Whenever it is match day at the World Cup, you don’t have to ask which teams are playing.
As early as five hours to kick off, fans start arriving at the venue of the game in the colours of their team chanting slogans and singing songs that leave the atmosphere in no doubt of what the World Cup truly is.
As the hours lessen to kick-off, the small clusters start to grow into sizeable numbers and before you know it there is a sea of passion, colour and organised madness.
Sounds of drums can be heard, sober and drunks all act like they are high and volunteers can be seen directing fans to their respective gates depending on the number on their tickets.
This is standard practice at all World Cup games.
But it was not the case on Tuesday when England played Colombia in the final second round game of that stage.
The scenes at Spartak Stadium were unusual for a match involving England.
For most of the time, it felt like Colombia were going to play the match in Bogota.
Fans who alighted from the train stations of Spartak and Tushinskaya, the two nearest to the stadium, were all dressed in the yellow, blue and red of Colombia.
They far outnumbered their English counterparts and it was hard to tell which team Colombia were going to face.
The refreshments area inside the stadium was dominated by Colombians while inside the ground, the South Americans easily outnumbered the English.
According to journalist Sam Wallace, the chief football writer for the Daily and Sunday Telegraph newspapers in England, many fans of the Three Lions opted out of the tournament because of politics.
“The political tensions between Russia and England worried and scared many,” Wallace observed.
“There was talk that their safety wouldn’t be guaranteed so they stayed home.”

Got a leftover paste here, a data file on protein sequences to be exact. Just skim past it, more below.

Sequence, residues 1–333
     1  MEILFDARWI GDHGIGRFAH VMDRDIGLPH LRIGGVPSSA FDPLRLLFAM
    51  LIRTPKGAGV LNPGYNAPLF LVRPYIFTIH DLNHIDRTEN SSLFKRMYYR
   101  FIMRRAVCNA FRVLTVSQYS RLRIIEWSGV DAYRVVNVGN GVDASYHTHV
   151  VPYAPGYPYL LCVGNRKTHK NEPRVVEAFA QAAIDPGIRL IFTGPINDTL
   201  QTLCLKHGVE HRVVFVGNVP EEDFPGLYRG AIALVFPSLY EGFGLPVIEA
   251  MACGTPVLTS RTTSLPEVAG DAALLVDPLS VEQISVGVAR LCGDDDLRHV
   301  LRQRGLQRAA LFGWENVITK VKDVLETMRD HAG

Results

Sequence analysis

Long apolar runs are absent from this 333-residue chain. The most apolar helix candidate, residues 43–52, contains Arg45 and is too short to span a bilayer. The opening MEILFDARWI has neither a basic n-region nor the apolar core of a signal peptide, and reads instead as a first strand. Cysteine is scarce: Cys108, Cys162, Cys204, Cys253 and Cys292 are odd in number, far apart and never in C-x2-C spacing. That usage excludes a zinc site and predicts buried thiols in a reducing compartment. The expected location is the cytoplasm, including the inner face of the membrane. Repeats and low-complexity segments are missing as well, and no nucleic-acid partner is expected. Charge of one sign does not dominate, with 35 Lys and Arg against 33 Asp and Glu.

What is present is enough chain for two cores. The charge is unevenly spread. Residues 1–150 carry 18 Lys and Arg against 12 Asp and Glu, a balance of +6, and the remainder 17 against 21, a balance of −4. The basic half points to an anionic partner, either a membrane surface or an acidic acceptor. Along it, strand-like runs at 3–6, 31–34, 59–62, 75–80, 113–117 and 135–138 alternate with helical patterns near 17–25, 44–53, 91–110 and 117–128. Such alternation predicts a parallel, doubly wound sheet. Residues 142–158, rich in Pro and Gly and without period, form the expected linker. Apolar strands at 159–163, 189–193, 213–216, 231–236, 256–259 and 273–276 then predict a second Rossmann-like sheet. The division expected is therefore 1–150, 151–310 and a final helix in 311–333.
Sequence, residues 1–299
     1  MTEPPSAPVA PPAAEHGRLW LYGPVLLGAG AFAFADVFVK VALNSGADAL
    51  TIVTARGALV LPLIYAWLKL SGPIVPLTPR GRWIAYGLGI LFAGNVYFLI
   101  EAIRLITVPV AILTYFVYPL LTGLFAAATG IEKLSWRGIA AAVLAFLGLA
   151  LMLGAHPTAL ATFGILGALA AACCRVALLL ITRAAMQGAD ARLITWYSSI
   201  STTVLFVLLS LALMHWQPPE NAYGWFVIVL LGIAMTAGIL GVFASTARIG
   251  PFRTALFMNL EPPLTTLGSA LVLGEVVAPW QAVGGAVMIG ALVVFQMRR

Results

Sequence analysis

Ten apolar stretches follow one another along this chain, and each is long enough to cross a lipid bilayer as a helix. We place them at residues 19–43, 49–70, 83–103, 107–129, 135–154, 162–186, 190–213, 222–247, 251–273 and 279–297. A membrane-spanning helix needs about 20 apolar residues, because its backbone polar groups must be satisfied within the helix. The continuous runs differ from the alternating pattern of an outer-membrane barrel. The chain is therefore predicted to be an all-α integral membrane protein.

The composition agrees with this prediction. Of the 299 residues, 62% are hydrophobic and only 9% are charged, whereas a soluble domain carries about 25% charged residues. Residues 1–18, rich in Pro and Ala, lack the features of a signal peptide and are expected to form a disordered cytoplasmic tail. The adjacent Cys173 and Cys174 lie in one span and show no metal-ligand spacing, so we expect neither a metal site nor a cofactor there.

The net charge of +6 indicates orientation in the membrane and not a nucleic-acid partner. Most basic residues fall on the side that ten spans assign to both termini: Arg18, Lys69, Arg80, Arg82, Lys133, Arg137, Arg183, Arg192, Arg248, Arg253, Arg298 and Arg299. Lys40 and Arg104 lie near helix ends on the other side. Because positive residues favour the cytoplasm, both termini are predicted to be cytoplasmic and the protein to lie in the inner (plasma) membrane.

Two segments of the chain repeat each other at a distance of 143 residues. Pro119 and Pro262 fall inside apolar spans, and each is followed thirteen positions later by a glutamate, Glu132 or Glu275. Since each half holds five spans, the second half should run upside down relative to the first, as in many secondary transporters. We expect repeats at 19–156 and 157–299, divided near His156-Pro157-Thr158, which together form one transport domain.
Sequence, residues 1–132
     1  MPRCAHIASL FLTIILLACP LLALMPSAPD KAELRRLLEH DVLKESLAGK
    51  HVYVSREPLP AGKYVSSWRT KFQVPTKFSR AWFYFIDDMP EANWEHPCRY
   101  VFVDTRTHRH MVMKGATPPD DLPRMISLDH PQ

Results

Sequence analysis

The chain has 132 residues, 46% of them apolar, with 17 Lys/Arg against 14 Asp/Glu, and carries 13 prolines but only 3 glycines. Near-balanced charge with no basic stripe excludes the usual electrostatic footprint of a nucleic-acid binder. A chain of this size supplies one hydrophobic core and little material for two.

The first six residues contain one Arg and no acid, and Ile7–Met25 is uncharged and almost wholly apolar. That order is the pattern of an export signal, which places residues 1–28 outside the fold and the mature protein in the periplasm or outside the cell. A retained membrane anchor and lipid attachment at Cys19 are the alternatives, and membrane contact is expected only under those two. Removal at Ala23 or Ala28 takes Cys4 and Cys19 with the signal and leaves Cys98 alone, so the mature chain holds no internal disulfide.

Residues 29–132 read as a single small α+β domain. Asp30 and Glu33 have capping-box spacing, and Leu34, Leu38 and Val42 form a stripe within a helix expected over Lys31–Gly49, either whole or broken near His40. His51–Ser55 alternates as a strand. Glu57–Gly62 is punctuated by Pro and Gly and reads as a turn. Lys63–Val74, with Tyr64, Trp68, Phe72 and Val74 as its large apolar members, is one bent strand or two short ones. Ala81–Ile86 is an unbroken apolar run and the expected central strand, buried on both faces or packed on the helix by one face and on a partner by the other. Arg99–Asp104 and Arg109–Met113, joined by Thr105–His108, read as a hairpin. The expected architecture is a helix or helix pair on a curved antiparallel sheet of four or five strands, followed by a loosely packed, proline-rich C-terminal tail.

But there is more, according to Wallace.
“English fans can sometimes be idiots and a vast number, the hooligans, can’t come because they have been banned from travelling.
“Many passionate but badly behaved ones rioted in Marseille at Euro 2016 and they can’t come here.”
During the match, Colombians enjoyed the far greater support and their deathly silence when Eric Dier buried his head told of a story of widespread disappointment.
According to Wallace, many are going to board or have already boarded the flight to Samara for the quarter final with Sweden but do not have tickets.
The irony in all this is that their team is doing well when there is little or no pressure.
In previous World Cup tourneys wherever tens of thousands of English fans travelled to the global party, there was disappointment for the Three Lions.
Whatever magic Gareth Southgate has employed, it is working.
English fans are some of the fewest in Russia but should they beat Sweden to reach the last four, history will be made. Not since 1990 England has reached the last four.
And likewise there will be an upsurge of fans flying in from all over.
*The writer is this paper’s Sports Editor